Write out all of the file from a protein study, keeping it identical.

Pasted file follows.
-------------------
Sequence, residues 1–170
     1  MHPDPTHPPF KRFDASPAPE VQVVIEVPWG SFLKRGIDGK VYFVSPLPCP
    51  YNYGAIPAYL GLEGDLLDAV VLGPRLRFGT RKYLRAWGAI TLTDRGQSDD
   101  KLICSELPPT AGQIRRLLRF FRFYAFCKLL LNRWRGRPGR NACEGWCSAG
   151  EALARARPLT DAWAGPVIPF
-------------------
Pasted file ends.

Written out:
Sequence, residues 1–170
     1  MHPDPTHPPF KRFDASPAPE VQVVIEVPWG SFLKRGIDGK VYFVSPLPCP
    51  YNYGAIPAYL GLEGDLLDAV VLGPRLRFGT RKYLRAWGAI TLTDRGQSDD
   101  KLICSELPPT AGQIRRLLRF FRFYAFCKLL LNRWRGRPGR NACEGWCSAG
   151  EALARARPLT DAWAGPVIPF